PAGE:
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January 19, 2015 | By:  Sedeer el-Showk
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For bone-eating worms, smaller is better

In 2002, researchers discovered a genus of quirky little deep-sea worms in Montery Bay, California. They named it Osedax, from the Latin for “bone-eating”, because the little critters grasp onto whale skeletons and bore through the bones with acid to get at the lovely nutrients within! Sara Mynott will tell you lots more about Osedax in an upcomping post on Saltwater Science, so I'm going to focus on the striking size difference between the males and females.

Osedax females are bigger than males. That's hardly remarkable in itself; sexual dimorphism is very common, and females are often the larger sex. What makes Osedax exceptional is the scale of the difference. Female Osedax aren't just larger than the males, they're thousands – even tens of thousands – of times larger. The females are so much bigger that they actually carry around a 'harem' of hundreds of males in their tube; the dwarf males never really develop beyond the larval stage and can't live on their own. It can be hard to imagine a 10,000-fold size difference, so I made a little graphic to help:

That shows the average size difference, which is around 30,000 times, but females can be anywhere from 1,500 to 100,000 times bigger than the males. According to Wolfram Alpha, humans average around 66 liters in volume, so that means women would be stuck with mates that would only fill half a teaspoon. (Osedax females are only a few millimeters in size, which means the males are incredibly tiny little things!)

What could possibly lead to such extreme size differences? One theory holds that male dwarfism is most likely to evolve in a species when: (1) males don't compete for access to females; (2) resources are limited; (3) individuals can't move about; and (4) finding a mate is hard. Under those conditions, it makes sense for males to become small to maximize their mate's success (if they're lucky enough to find one). Smaller males won't compete with their mate for the limited resources, so she can get bigger and produce more offspring. Sperm are pretty cheap compared to eggs, so it's better to give more energy to the partner doing most of the work, especially if the male doesn't need to compete with other males.

That's probably what happened during the evolution of Osedax. They fit all the criteria, so the males defer to the females instead of fighting with them over the limited sunken bones. By turning tiny and letting the females do all the work, the males maximized their odds of reproductive success. There's an exception, however, and while it doesn't quite prove the rule, it does lend some support. The size difference is quite a bit smaller in the newly-discovered species Osedax priapus. The males are much bigger than those of other species, and the females are much smaller, resulting in only a three-fold size difference. This graphic is drawn at the same scale as the one above, so you can get an idea of the size difference in O. priapus and also see how much bigger the males are than those of other species:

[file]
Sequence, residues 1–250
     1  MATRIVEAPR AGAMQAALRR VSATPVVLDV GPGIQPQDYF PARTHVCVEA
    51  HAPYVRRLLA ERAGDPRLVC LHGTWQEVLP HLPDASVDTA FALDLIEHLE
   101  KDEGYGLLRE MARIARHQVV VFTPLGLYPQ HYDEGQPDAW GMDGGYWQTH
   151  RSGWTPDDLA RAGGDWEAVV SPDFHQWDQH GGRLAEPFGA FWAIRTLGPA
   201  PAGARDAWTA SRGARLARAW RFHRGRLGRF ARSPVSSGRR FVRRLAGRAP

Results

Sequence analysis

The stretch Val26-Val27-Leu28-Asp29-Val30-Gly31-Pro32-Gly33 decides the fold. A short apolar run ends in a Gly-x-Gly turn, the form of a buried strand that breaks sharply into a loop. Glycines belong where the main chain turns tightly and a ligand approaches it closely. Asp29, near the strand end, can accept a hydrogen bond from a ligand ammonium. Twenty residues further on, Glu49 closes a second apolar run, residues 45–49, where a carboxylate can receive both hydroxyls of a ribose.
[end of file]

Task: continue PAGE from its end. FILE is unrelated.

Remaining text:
The males are about 70 times the size of an average Osedax male, though the males of some species are one-thousandth the size of O. priapus males. Likewise, O. priapus females are roughly 35 times smaller than average Osedax females, but 130 times smaller than those of some species. O. priapus aren't just bigger than other Osedax males; they're also free-living, feeding on bone beside their female counterparts – a unique arrangement for these worms.

One explanation for the reduced dimorphism in O. priapus is that the smaller size of the females effectively increases the resources available. Small females take up less space on the precious skeletons and require fewer resources, which makes room for the males to become larger and feed on the bones without putting pressure on the females. It's then in the males' best interest to grow a bit and become free-living again, so they can mate with several females, none of whom will be resource-limited. It's a nice story, but it's probably not the full explanation. Several other Osedax species have small females but haven't lost male dwarfism, so something else must have helped in the case of O. priapus. Perhaps O. priapus females don't live as long as other Osedax females, so there isn't enough time to recruit a harem (or maybe not enough value in being part of one). The truth is, we simply don't know enough about the ecology and life history of these creatures to offer a convincing explanation.

The most recent common ancestor of all Osedax species is thought to have had dwarfed males, and O. priapus is the only known species without male dwarfism. In other words, priapus isn't an evolutionary hold-out from an era where Osedax males and females were the same size. Instead, Osedax males have actually lost dwarfism during their evolution. It's a pretty remarkable reversal, because the males haven't just regained the ability to grow in size; they also mature into adults, which means they've reactivated a suite of genes inactive in other Osedax males. It's rare to see a complex trait get re-acquired during evolution, since the genes involved usually degrade by mutation during the generations when they're not being used. O. priapus is a remarkable evolutionary story, and one we still don't fully understand.

Rouse et al. A Dwarf Male Reversal in Bone-Eating Worms. Current Biology 25(2):236-241 (2015). doi: 10.1016/j.cub.2014.11.032

The O. rubiplumus image is by Robert C. Vrijenhoek, Shannon B. Johnson & Greg W. Rouse and is distributed by Wikipedia Commons under a CC-BY license. The remaining images are by Sedeer el-Showk.

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